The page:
THE GREEN FOG

Director: Guy Maddin, Evan Johnson, Galen Johnson

Country: U.S.A.

Year: 2017

Duration: 1.03

Languages: English / no subtitles

Original name: The Green Fog

Category: ,

The Green Fog is probably the most conjuring and delightful cinematic homage ever made to Alfred Hitchcock’s Vertigo. The director behind The Green Fog is the Canadian Guy Maddin, a household name at our festival and this is his most brilliant and funny film yet.

Maddin has, together with his collaborators Evan and Galen Johnson, made a wonderfully poetic and hazy collage that loosely follows the structure of Hitchcock’s masterpiece. The Green Fog is compiled of hundreds of passages from films and TV-series set in San Francisco.

Just like watching James Stewart or Kim Novak on the city’s steep streets or by the Golden Gate Bridge we get to watch Rock Hudson, Doris Day, Michael Douglas, Faye Dunaway or Chuck Norris (whose emotionless and expressionless face is the most amusing of all).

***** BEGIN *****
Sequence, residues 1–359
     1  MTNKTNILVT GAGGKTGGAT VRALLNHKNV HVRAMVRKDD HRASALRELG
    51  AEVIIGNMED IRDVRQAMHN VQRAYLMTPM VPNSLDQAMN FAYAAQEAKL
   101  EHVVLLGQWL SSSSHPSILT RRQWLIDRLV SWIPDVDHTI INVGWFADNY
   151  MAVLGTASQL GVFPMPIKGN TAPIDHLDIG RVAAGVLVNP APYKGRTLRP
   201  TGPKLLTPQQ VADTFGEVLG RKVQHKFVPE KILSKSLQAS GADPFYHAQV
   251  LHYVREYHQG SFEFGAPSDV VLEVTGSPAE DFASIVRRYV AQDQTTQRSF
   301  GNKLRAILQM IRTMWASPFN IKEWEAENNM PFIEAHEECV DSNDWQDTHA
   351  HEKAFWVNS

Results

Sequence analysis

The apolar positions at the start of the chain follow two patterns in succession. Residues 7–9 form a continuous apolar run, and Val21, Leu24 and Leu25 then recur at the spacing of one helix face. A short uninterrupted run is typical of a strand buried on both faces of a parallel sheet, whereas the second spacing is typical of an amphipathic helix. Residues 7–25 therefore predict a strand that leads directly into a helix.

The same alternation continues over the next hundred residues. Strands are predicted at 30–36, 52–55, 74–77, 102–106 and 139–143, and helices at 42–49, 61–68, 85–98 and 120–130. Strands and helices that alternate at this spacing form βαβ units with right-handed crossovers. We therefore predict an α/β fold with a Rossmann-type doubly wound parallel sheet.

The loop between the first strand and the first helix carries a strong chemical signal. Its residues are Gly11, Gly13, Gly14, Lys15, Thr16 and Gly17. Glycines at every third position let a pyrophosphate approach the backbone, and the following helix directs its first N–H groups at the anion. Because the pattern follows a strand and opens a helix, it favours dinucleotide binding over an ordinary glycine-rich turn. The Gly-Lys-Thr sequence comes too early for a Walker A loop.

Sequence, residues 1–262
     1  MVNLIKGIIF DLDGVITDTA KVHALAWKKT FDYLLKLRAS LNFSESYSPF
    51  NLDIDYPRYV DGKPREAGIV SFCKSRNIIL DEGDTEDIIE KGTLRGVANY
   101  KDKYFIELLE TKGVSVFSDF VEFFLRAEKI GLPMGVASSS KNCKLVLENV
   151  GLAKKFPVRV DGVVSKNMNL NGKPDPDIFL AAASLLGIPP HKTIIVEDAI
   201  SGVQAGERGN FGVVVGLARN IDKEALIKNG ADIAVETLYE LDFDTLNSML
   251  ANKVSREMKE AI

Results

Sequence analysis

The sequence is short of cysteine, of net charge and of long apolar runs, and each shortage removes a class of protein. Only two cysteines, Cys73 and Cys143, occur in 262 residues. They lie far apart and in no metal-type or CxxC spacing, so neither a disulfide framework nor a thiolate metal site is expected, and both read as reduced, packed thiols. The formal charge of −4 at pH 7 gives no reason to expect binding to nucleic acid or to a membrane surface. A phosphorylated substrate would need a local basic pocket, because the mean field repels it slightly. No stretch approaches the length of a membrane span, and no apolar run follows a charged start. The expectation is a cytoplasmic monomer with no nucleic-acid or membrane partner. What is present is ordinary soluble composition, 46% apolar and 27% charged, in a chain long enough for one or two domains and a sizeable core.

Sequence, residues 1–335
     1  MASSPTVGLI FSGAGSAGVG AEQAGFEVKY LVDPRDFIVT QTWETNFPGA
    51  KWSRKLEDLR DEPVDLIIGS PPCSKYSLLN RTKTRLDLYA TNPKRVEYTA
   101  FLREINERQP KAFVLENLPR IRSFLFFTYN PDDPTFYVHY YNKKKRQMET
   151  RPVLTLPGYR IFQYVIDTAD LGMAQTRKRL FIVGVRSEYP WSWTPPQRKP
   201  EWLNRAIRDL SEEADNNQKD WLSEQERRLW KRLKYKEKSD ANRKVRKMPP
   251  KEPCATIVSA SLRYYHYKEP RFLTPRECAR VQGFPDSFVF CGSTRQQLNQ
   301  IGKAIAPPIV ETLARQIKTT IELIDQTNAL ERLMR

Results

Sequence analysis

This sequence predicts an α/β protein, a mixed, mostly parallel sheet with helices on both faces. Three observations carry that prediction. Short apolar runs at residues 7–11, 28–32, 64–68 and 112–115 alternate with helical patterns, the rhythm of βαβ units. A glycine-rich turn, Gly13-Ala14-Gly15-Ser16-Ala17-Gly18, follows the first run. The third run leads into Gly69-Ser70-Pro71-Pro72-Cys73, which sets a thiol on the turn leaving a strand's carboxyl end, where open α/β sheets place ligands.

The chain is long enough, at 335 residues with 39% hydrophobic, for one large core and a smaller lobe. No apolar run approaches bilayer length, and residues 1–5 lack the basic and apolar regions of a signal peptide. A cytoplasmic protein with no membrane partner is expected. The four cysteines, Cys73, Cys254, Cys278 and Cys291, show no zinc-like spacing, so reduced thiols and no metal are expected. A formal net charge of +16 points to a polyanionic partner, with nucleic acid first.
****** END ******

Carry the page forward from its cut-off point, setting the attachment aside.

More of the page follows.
The film doesn’t seem to engage itself with much of dialogue. It’s also irrelevant whether you have visited San Francisco or seen Vertigo to enjoy it. The Green Fog is a surreal cavalcade made with great editing, where the link to Vertigo can be found in characters, locations or tiny details that are similar to Hitchcock’s classic.

This visual collage is accompanied with music by the famous Kronos Quartet. The Green Fog will be feature with a completely different type of Hitchcock homage, Accidence. Definitely worth a watch! (TM)

 

The Midnight Sun Film Festival has been showing the films of “The Winnipeg Weirdo” GUY MADDIN (b. 1956) since his fifth feature film Dracula: Pages from a Virgin’s Diary (2002). In 2001 we also got to enjoy the brilliant short film The Heart of the World. Since then we have been indulged with other great films by Maddin: the melodramatic musical comedy The Saddest Music in the World (2003), his “autobiographical” fantasy melodrama Cowards Bend the Knee (2003), the art house silent-film Brand Upon the Brain (2006), and the superb documentary about his hometown My Winnipeg (2007). Maddin is one of the most unique Canadian directors whose inspiration can be seen through the silent-era and studio editing techniques of conveying everyday realism on the silver screen. Maddin’s visionary films find themselves to be made in the spirit of F.W. Murnau, Tourneur and Powell.